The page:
Ask SAIL: DIY Storm Damage Repairs

Simon Zorovich of Matawan, New Jersey asks:


The after effects of Hurricane Sandy are still being felt here in the Northeast in that competent fiberglass repairmen are all booked up with jobs through the upcoming boating season. Many boatowners have therefore been forced to contemplate repairing their storm-damaged boats themselves. I have read some informative articles by Don Casey on the subject, and my question is this: should I use a polyester resin or epoxy to repair an enormous gouge in my boat? As you can see in the photo (below), it’s about 2ft by 6in and cuts well into the fiberglass cloth, but not all the way through the laminate.


Don Casey replies:

Two decades ago I found myself in a similar situation in the aftermath of Hurricane Andrew and, like you, ended up doing the repairs myself. I’m happy to say they remain strong and undetectable to this day. The advantage of using epoxy for repair work is that the bond to the existing laminate will be about 20 percent stronger than when using polyester resin, which provides a welcome margin of error for the amateur worker. Professionals tend to view the extra adhesion as superfluous and not worth the high price of epoxy, which costs two or three times as much as polyester. Epoxy is also incompatible with gelcoat, so if you plan to finish the repair with gelcoat rather than paint, you should use polyester or perhaps vinlyester resin instead.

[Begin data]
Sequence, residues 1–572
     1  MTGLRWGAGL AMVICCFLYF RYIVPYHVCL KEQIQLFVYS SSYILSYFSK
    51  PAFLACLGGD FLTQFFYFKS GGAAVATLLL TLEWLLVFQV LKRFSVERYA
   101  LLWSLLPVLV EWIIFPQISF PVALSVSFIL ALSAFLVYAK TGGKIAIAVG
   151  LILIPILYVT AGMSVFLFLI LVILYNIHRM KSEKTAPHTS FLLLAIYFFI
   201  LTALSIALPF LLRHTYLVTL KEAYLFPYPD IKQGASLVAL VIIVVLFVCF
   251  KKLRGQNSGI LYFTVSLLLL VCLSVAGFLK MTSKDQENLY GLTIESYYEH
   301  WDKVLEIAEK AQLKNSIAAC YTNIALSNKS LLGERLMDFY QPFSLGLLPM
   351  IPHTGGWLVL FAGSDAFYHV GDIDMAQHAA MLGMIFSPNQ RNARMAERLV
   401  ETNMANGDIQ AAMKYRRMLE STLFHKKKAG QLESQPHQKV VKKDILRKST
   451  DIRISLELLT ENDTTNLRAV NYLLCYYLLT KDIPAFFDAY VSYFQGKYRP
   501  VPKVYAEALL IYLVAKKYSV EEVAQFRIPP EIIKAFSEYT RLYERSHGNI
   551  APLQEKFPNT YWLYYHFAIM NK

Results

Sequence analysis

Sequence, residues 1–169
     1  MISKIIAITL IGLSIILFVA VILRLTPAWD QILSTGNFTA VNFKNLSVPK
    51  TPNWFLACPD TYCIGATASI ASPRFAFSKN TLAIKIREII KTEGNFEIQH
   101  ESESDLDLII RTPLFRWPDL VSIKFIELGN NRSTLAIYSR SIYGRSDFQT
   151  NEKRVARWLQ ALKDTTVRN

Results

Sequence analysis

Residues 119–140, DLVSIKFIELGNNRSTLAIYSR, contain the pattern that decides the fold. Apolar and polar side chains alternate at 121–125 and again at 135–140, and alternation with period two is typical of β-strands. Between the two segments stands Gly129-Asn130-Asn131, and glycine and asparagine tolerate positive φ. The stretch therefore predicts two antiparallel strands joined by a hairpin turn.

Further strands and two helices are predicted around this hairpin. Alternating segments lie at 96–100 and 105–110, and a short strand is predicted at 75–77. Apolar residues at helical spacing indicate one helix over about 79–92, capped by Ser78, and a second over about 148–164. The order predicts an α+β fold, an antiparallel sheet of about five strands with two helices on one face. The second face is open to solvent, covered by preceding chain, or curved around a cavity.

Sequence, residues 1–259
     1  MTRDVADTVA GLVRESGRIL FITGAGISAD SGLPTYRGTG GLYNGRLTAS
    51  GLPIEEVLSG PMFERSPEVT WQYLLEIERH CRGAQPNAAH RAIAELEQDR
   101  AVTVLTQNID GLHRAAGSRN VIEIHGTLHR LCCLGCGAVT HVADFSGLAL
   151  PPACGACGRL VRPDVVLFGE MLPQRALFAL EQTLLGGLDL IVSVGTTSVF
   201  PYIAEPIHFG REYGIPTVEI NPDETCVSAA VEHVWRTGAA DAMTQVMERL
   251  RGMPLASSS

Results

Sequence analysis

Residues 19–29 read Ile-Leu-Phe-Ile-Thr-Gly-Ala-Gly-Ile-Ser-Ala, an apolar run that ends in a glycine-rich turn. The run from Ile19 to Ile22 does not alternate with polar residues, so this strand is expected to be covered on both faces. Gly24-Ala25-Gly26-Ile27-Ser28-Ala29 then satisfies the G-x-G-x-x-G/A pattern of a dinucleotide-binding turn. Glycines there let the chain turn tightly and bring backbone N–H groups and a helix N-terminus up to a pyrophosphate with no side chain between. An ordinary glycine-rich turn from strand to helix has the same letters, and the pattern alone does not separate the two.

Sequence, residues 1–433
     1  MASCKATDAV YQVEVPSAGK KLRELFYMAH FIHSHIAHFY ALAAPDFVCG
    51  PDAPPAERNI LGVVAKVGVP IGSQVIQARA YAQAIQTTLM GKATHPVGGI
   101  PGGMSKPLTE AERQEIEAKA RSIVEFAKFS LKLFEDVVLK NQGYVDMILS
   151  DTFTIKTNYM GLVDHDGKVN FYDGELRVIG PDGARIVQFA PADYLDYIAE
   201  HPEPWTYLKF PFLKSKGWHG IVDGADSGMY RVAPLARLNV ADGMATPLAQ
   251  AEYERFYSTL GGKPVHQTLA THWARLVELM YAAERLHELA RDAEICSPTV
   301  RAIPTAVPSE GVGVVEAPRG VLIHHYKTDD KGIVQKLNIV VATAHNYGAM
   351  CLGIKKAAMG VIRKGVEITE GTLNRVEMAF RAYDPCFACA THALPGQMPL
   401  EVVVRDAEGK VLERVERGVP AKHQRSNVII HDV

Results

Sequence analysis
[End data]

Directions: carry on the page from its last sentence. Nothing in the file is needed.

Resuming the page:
As for the layup process, in both cases you need to grind away all of the damaged laminate and create a 12:1 bevel around the perimeter. If you use polyester, you can lay down alternating layers of 1.5-ounce mat and 6-ounce cloth, unless you have reason to follow a different schedule. Epoxy repairs are usually made with woven fabrics only, as epoxy is incompatible with the binder in common fiberglass mat. Special epoxy-compatible mat can be obtained if you decide you need it. Your new laminate layers should go down in larger-to-smaller order, because laying down the largest piece first maximizes the area of the secondary bond between the old and new glass. The bond between subsequent layers will be chemical in nature and thus considerably stronger.

Because the perimeter bevel greatly enlarges the size of the repair, cutting out the damage and fashioning the repair from inside can be an attractive alternative, if you have interior access to the damaged area. Whatever method you use, if you grind well, mix the resin correctly, and compress all the air out of the laminate, your repair will be indistinguishable from the work done by a pro, cosmetic appearance excepted. If you fail cosmetically, you can always get professional help next season.

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